Background: To assess impact of the new US rotavirus immunization program initiated in 2006, robust baseline data on diarrhea and rotavirus disease burden are needed. While several studies have assessed burden in inpatient settings, few data are available for emergency department (ED) and outpatient settings.
Methods: We used the MarketScan databases, a large claims-based data repository, to analyze the health and economic burden of diarrhea-related healthcare encounters in children <5 years in inpatient, ED, and outpatient settings from 2001 to 2006. Because rotavirus testing and coding are not routinely performed, rotavirus burden was estimated by calculating excess diarrhea events during winter compared with summer baseline (winter residual method).
Results: Between 2001 and 2006, the average annual rate of healthcare utilization for diarrhea was 1561 per 10,000 children <5 years, with a hospitalization rate of 50 per 10,000, ED visit rate of 180 per 10,000, and outpatient visit rate of 1332 per 10,000. The winter residual method attributed 53% of inpatient, 41% of ED, and 23% of outpatient diarrhea events to rotavirus. By age 5, we estimated that 1 in 74 children are admitted, 1 in 27 require ED care, and 1 in 7 are treated in outpatient settings for rotavirus illness. Median payments for rotavirus in inpatient, ED, and outpatient settings were $3135, $332, and $90, respectively.
Conclusions: Rotavirus causes substantial health and economic burden in US children, especially in ED and outpatient settings. Future monitoring through claims-based data sources should allow assessment of rotavirus vaccine impact on healthcare utilization for diarrhea.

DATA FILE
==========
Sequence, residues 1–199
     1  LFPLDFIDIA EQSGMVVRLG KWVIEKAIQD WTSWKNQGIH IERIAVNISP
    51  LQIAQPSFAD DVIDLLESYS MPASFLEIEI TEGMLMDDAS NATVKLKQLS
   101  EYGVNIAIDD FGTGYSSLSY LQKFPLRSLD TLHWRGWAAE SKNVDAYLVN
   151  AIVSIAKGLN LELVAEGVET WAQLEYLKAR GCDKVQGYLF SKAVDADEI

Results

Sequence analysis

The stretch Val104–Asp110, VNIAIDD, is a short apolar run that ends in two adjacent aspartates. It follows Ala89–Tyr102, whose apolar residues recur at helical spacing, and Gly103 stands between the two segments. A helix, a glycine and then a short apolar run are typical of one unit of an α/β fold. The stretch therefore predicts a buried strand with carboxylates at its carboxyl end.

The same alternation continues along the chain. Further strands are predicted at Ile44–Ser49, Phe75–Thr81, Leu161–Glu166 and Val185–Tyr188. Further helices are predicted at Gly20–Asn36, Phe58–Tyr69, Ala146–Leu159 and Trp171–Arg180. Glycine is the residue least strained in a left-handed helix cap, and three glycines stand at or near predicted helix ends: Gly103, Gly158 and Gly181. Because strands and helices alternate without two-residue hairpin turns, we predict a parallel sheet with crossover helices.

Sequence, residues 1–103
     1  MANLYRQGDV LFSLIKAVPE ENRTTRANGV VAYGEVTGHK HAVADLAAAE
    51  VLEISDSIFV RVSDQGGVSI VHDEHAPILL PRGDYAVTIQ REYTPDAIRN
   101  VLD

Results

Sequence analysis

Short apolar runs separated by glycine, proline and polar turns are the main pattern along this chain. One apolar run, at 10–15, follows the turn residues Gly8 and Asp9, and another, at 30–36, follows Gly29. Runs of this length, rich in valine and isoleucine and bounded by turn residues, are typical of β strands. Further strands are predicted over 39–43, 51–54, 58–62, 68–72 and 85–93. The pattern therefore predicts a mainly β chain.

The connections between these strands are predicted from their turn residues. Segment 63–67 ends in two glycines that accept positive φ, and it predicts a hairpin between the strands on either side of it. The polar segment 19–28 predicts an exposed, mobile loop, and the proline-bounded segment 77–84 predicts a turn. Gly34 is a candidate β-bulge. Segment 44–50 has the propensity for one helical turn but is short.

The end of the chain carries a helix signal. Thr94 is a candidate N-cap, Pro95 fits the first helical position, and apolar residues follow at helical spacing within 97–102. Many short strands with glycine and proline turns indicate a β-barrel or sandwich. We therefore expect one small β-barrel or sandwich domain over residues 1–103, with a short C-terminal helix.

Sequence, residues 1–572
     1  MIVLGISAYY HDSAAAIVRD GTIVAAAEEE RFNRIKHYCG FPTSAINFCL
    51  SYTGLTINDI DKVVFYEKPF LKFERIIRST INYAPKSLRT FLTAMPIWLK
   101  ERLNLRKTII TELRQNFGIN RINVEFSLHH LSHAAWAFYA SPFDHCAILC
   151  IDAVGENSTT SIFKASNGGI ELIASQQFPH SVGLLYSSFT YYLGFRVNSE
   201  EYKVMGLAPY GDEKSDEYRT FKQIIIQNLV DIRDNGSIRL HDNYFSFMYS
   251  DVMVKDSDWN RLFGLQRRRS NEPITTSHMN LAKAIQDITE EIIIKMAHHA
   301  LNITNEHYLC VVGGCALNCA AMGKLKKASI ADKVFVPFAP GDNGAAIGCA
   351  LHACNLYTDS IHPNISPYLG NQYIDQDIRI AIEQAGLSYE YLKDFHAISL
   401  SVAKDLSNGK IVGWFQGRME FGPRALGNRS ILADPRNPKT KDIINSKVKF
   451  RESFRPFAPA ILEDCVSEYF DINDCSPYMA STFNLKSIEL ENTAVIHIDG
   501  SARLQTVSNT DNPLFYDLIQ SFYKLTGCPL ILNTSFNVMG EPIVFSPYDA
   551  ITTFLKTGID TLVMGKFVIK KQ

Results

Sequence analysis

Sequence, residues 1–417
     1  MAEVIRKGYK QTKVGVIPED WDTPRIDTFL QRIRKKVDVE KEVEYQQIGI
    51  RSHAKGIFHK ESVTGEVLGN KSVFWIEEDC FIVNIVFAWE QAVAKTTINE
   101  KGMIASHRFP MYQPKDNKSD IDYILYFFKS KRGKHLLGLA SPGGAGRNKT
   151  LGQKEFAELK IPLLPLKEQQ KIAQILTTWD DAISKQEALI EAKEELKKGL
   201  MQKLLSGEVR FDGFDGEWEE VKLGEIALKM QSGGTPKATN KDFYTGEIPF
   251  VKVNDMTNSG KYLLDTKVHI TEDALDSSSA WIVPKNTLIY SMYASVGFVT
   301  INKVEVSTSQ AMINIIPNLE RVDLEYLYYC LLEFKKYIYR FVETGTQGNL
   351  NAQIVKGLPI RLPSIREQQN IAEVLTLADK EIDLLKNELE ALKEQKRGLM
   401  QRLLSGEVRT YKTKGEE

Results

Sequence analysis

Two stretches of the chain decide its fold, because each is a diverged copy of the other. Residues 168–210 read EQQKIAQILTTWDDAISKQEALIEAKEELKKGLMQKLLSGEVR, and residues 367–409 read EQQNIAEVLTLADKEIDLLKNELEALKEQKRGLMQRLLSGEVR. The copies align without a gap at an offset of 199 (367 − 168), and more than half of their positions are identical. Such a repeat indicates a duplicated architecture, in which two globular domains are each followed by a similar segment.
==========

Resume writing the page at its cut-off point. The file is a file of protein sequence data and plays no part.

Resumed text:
From the *Epidemic Intelligence Service, Office of Workforce and Career Development, Atlanta, GA; and †Division of Viral Diseases, Centers for Disease Control and Prevention, Atlanta, GA.
Accepted for publication March 19, 2009.
The findings and conclusions of this report are those of the authors and do not necessarily represent the views of the Centers for Disease Control and Prevention (CDC).
Address for correspondence: Jennifer E. Cortes, MD, Centers for Disease Control and Prevention, National Center for immunizations and Respiratory Diseases, 1600 Clifton Road, MS A-47, Atlanta, GA 30329. E-mail: email@example.com.
Supplemental digital content is available for this article. Direct URL citations appear in the printed text and are provided in the HTML and PDF versions of this article on the journal's Web site (www.pidj.com).